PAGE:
"Robin Green is finding out just how hard. Green fell in love with a $164,000 house. Even though her credit history suffered from large medical bills and a recent bankruptcy, she was able to get a contract on the home. Then Green got a call from her mortgage broker telling her things had changed. She would need to increase her credit score substantially or come up with a 5 percent down payment."
"'I was like, 'Oh my God, I'm not going to be able to get this house,' Green said."
"'As Florida was rocketing up in values, we had lots of investors that bought with the expectation of flipping these homes,' said Jim Sahnger, VP of Palm Beach Financial Network in Sewall's Point. 'Many of these people are now over-leveraged or they're 'upside down' - they owe more than their house is now worth.'"
"The number of late payments in Broward County hit 983 in February, a 333 percent increase over the 227 last February, according to Broward had 315 foreclosures last month, compared with 206 in February 2006."
"Last month, Palm Beach County had 733 property owners with late payments, up 382 percent over the 152 last February."
"Honey Hartman of Hollywood is facing a mortgage crunch. A huge property insurance increase this year pushed her monthly mortgage payment to $770, which exceeds her income of $643."
"She negotiated with her lender to cut some of the added costs, and her two grown children are helping her make up the rest of the shortfall. Hartman expects she'll ultimately have to sell her two-bedroom home and leave South Florida. 'I'm in dire straits,' she said."
The St Petersburg Times. "The developers of Trump Tower Tampa learned Wednesday that they can't stop buyers from suing to get back deposits on the much-delayed condo high-rise."
"For Tom Long, the attorney arguing against Trump Tower, the ruling has significance beyond his clients. 'I think this now, frankly, opens the floodgates to others to demand their money back,' Long said. 'It's a three-year project and they're at ground zero.'"
"Long said developers, more than $3-million behind in paying contractors, may lack the money to come up with refunds."
Top Investor See US Property Crash
By Elif Kaban
MOSCOW (Reuters) - Commodities investment guru Jim Rogers stepped into the U.S. subprime fray on Wednesday, predicting a real estate crash that would trigger defaults and spread contagion to emerging markets.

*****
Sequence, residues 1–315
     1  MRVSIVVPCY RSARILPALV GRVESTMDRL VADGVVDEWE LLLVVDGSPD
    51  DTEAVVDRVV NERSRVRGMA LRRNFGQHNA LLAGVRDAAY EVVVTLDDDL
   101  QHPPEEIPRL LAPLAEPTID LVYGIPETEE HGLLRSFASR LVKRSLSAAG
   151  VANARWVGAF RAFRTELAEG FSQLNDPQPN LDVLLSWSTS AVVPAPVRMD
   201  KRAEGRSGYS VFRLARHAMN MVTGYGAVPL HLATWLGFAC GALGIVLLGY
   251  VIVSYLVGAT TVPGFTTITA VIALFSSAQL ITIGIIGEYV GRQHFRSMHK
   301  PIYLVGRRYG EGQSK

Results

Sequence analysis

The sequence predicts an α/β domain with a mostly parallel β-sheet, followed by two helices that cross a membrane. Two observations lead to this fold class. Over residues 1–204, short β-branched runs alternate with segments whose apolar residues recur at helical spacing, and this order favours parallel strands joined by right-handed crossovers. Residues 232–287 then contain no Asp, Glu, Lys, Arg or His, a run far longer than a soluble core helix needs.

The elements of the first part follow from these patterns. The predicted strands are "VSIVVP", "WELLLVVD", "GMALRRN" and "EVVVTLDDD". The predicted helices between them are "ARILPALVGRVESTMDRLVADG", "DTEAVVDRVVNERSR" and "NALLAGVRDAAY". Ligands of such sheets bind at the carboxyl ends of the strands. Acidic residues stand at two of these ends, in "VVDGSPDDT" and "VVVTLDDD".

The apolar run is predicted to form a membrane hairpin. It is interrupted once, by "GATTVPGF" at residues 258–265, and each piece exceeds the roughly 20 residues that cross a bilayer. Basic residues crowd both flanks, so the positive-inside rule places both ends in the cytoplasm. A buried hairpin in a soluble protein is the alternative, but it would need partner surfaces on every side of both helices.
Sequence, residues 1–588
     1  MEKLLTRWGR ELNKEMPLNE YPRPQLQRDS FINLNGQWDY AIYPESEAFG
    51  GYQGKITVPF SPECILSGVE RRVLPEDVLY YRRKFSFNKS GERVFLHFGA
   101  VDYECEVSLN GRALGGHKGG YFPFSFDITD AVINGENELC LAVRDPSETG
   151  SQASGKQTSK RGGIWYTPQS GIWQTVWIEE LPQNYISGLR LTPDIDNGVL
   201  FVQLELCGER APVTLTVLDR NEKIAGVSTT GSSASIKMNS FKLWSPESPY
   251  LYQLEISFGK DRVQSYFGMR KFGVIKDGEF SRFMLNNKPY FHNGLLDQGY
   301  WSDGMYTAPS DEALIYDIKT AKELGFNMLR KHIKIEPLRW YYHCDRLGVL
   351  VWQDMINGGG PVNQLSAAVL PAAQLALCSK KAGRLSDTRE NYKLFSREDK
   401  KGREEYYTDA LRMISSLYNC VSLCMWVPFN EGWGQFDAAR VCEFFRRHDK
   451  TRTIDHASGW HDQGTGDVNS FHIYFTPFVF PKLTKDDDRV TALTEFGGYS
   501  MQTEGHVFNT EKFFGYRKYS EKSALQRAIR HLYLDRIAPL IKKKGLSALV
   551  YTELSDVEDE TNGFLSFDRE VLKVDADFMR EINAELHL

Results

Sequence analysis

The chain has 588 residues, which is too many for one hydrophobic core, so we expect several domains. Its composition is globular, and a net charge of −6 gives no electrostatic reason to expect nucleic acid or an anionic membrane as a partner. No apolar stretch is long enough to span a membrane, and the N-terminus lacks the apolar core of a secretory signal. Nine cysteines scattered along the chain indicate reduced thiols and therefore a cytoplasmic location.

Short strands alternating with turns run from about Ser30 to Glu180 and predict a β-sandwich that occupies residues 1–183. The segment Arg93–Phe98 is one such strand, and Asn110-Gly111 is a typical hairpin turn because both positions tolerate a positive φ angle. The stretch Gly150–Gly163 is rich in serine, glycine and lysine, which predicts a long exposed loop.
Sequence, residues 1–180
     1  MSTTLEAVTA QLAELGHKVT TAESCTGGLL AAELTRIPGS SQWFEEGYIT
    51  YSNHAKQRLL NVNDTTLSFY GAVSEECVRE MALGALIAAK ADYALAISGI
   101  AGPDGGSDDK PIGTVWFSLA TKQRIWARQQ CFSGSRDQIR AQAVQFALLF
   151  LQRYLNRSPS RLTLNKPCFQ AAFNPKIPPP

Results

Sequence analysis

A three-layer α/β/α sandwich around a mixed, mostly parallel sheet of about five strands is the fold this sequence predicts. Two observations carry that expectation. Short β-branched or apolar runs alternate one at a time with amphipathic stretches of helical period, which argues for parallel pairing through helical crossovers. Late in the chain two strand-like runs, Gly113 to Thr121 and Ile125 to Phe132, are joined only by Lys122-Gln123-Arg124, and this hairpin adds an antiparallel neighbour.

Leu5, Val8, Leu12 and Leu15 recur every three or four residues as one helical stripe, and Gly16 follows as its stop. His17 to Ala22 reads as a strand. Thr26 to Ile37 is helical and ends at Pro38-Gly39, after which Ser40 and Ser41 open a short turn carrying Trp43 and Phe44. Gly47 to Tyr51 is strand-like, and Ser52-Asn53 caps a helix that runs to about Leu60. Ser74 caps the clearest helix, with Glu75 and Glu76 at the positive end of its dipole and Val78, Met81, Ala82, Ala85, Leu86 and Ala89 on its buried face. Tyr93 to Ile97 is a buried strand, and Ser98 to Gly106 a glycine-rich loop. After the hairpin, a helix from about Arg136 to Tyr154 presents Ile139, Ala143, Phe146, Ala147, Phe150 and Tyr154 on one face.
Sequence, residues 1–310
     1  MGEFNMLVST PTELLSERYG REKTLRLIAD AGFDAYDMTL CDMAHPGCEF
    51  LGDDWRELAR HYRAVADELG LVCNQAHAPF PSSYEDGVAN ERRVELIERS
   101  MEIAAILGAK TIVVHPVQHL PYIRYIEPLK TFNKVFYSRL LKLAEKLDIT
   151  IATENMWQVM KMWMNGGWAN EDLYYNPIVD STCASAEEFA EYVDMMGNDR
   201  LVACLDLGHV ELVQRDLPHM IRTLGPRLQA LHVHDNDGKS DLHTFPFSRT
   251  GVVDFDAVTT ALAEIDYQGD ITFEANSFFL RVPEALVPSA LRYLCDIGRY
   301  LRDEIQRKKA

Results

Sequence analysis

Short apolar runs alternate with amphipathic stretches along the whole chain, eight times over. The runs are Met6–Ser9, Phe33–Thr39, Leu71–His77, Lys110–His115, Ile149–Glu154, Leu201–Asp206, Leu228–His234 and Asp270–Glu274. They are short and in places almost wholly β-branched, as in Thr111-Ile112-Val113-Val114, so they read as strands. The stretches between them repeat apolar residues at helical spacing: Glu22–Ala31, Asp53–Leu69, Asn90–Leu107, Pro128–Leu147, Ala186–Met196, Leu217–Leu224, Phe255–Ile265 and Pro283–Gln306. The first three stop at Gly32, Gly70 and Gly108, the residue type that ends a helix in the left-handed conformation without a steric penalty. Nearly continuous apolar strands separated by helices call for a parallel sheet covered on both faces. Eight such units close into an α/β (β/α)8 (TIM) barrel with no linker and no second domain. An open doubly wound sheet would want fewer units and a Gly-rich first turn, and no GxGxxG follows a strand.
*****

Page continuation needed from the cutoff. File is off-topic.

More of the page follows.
"You can't believe how bad it's going to get before it gets any better," the prominent U.S. fund manager told Reuters by telephone from New York.
"It's going to be a disaster for many people who don't have a clue about what happens when a real estate bubble pops.
"It is going to be a huge mess," said Rogers, who has put his $15 million belle epoque mansion on Manhattan's Upper West Side on the market and is planning to move to Asia.
Worries about losses in the U.S. mortgage market have sent stock prices falling in Asia and Europe, with shares in financial services companies falling the most.
Some investors fear the problems of lenders who make subprime loans to people with weak credit histories are spreading to mainstream financial firms and will worsen the U.S. housing slowdown.
"Real estate prices will go down 40-50 percent in bubble areas. There will be massive defaults. This time it'll be worse because we haven't had this kind of speculative buying in U.S. history," Rogers said
"When markets turn from bubble to reality, a lot of people get burned."
The fund manager, who co-founded the Quantum Fund with billionaire investor George Soros in the 1970s and has focused on commodities since 1998, said the crisis would spread to emerging markets which he said now faced a prolonged bear run.
"When you have a financial crisis, it reverberates in other financial markets, especially in those with speculative excess," he said.
"Right now, there is huge speculative excess in emerging markets around the world. There will be a lot of money coming out of emerging markets.